Digger manufacturer JCB is to create 300 jobs over the next five years as part of a £41 million investment programme.
A new three-litre engine will start rolling off the production line after £31 million was spent developing the fuel-efficient model at the company's plant in Foston.
And a further £10 million is being ploughed into new machinery and processes as the company gears up for full production of the components which make up the engines, including cylinder heads, engine blocks and bedplates.
Fifty jobs have been created so far and a further 300 roles will up for grabs as production ramps up.
The JCB430 DieselMax engine is the fourth model launched by JCB since production first started in 2004 at the Power Systems factory. It joins the 4.4, 4.8 and 7.2 litre models, which provide power for more than 70% of JCB equipment sold around the world.
JCB chief executive Graeme Macdonald said: "It is hard to believe that, just over 12 years ago, JCB didn't make engines. Today JCB has produced 400,000 high-performance diesel engines, leading the way with a purpose-built range which saves fuel, is clean and highly efficient.
"The launch of the new three-litre JCB430 DieselMax engine will build on the success of the JCB Power Systems business and takes the productivity and environmental performance of our engines to a completely new level, particularly on fuel efficiency."
One of the impressive features of the new three litre engine is its fuel consumption – using up to 8% less fuel than the already fuel efficient 4.4 litre EcoMax engine.
The new engine is also 30% lighter than the 4.4 litre model and has been designed specifically for mid-range construction and industrial equipment operating cycles.
Launched initially with 55kW (74hp), the engine meets the relevant emissions legislation without any requirement for a costly Diesel Particulate Filter, Selective Catalytic Reduction or any form of exhaust additive or after treatment.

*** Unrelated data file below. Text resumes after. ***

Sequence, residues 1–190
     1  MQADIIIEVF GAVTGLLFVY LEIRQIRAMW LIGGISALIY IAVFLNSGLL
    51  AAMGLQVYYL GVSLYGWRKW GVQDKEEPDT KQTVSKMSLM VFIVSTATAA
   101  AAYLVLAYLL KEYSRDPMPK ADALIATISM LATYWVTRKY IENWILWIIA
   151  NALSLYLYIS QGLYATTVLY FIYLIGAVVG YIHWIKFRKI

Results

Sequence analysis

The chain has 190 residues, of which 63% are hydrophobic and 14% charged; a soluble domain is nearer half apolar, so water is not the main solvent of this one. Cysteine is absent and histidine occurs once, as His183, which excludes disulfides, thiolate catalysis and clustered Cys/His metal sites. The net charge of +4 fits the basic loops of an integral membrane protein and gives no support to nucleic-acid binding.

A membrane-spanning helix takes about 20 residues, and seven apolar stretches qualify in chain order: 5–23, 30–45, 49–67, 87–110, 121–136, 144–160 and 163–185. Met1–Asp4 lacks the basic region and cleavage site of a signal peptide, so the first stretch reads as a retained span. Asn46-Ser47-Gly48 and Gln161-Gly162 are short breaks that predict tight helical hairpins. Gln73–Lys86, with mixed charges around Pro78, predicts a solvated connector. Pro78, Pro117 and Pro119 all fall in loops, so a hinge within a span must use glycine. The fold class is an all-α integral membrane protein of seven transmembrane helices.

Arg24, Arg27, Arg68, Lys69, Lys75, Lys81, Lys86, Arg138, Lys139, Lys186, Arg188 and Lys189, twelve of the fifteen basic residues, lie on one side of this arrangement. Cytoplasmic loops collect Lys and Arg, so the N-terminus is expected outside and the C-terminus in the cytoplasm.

Among those who helped develop the new engine is advanced apprentice Sam Grief. The 19-year-old, from Willington, joined The JCB Academy at the age of 14 and began working at the Foston factory when he was 16, following his GCSEs.
Sam said: "When I first started here at 16, this new three-litre engine was what I began working on. I work in research and my job was engine testing. I've spent three years working on this and I think we've produced a fantastic engine."
Operations manager Robert Taylor, who lives in Chellaston, said it was great to see young people like Sam involved in the project.
He said: "I started here as an apprentice 12 years ago and worked my way up. Giving people the opportunity to progress here at Power Systems is something I want to continue."
CNC machining centres and associated automated processes have been installed as part of the £10 million investment in new machinery and processes, giving the company the capacity to produce 45,000 engine sets a year.
The investment will allow the company to produce cylinder heads, engine blocks and bedplates, the major engine components, in-house for the first time, boosting efficiency and ensuring that outstanding quality targets are met.
JCB group director for engines Alan Tolley said: "The multi-million pound investment in machining in-house gives us direct control over specification, quality and cost of the major components. This is a major step forward for JCB Power Systems and an important piece of the jigsaw that keeps us producing class-leading engines at competitive cost.
"Great progress has been made with our engine business in the last 10 years and there's more to come. We've continued to invest heavily in engine development and manufacturing to make sure our customers have the best engines available."